Brand activism: Should your business take a stand?
Most people are familiar with corporate social responsibility; the idea that businesses can show off their community credentials by creating links with heartfelt (but usually non-controversial) causes.
Yet the polarising era of Brexit and President Trump has brought about a rise in brand activism, which has seen companies not just communicating their values, but taking a strong stance on important issues like equality, tolerance and social justice.
Whereas corporate social responsibility meant a softer kind of advocacy, brand activism is when brands commit to concrete actions to advance a cause they believe in (and, importantly, one that their customers will agree with).
And while it certainly carries risk, it can cement existing customer loyalty, attract new customers, and nurture relationships that are built on shared cultural values. Below, we’ve outlined some key considerations for any business thinking about taking a stand on an issue.
Weigh up the risks and rewards
Speaking out about a controversial issue runs the risk of alienating customers, or upsetting people of influence. It’s why lots of SMEs shy away from putting their heads above the parapet.
However, it’s worth noting that current divisive times have made brand activism more common, and ultimately safer. Yes, by taking a strong stance on an issue businesses risk losing some customers who don’t agree with them, but they’re betting on something much more valuable: a stronger relationship with existing customers and appealing to new ones who share similar views.
Most companies who engage in brand activism have concluded that the loyalty it generates outweighs the distaste of those who disagree. For example, when the CEO of US company Lyft announced it was donating $1m to the American Civil Liberities Union in protest at President Trump’s policies, it received widespread praise on social media and added thousands of customers overnight.
3/ We are donating $1,000,000 over the next four years to the ACLU to defend our constitution. https://t.co/0umGOlkhSx
— logangreen (@logangreen) January 29, 2017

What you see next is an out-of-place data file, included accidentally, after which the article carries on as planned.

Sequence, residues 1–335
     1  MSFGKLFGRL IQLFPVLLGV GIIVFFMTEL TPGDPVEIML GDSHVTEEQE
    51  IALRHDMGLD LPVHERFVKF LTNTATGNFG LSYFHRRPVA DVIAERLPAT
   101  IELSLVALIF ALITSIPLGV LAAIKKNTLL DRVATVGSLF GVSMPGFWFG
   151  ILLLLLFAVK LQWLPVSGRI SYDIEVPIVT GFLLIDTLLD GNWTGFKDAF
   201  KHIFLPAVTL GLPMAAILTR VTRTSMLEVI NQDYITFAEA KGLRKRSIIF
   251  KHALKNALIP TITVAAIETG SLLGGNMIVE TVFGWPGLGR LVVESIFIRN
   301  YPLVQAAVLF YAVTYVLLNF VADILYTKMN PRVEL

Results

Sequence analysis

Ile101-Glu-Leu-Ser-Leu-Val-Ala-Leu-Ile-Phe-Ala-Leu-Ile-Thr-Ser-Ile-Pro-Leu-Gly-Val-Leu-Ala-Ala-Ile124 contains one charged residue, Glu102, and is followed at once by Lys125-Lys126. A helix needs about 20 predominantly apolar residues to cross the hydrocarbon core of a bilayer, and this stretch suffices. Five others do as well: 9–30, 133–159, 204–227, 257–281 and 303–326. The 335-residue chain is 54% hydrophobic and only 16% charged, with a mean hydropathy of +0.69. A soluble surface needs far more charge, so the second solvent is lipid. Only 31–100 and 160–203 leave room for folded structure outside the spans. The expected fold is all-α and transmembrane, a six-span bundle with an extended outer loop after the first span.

@lyft taking a stand against the Immigration ban and donating to the ACLU has earned them my business for life
— Elissa (@Elissah13) April 30, 2017
— Jeff Haseltine (@TheCheffrey) February 4, 2017
Choose your cause wisely
Brand activism needs to be focused on an area where you have a credible role to play. It might be that your business or customers are directly affected by an issue, or the cause is aligned with your company’s purpose.
For example, it makes sense that brands such as Apple, Microsoft, Facebook and Google took a stand against Donald Trump’s travel ban, because the American technology industry workforce has a large immigrant population.
In contrast, when a small bookshop in Norwich made the decision to pull the President’s autobiography from its shelves it was accused of censorship by author Susan Hill, who was quick to point out that “Trump is not our President or our PM, he is America’s”.
A genuine connection to a cause will drive customer loyalty, but a weak link will appear disingenuous. For example, Kenco’s Coffee versus Gangs campaign resonates because the thought of young people who grow and pick our coffee beans being saved from a brutal way of life makes us feel better about ourselves. Because the business actually works with people in these communities, it’s in a credible position to act.
On the other hand, one only needs to think about how badly Kendall Jenner’s ‘Live for Now’ Pepsi advert was received to see what can happen when a brand doesn’t have a genuine connection to a cause, or trivialises an important issue.
Practice what you preach
It’s no longer enough to have a purpose, you must act on it too. There will be a steep downside for anyone who piggybacks on a campaign for some quick publicity without a true commitment to the issue.
Whatever the cause you’re backing, it must be reflected in your own business practices. For example, a university might campaign for more women in STEM careers – but to do so if it had a lack of women in top STEM positions of its own would be risky.
It’s something UK business lobby CBI discovered recently. It was accused of hypocrisy after it urged its members to broaden the diversity of their directors, despite not having a single non-white senior director at a national or regional level.
— Tilly Harries (@tilly_harries) November 21, 2016
Brand activism isn’t a natural fit for every company, and its risks are obvious. However, it’s clear that consumers are responding positively to organisations that take a stand on a meaningful issue. There are risks in speaking out, but there’s also a cost to remaining silent.
Activism isn’t just the concern of big brands
There’s a tendency to think brand activism is just for big brands who have a huge following and, arguably, a greater weight of expectation on them to say and do the right thing.
But in the social media age, where members of the public will call out businesses for anything from a lack of vegan menu options to using too much packaging in their products, businesses of all shapes and sizes need to be more aware of moral, social and environmental issues.
In other words, even if they choose not to be a vocal activist, they should at least consider how they can be a better corporate citizen to engender greater customer loyalty.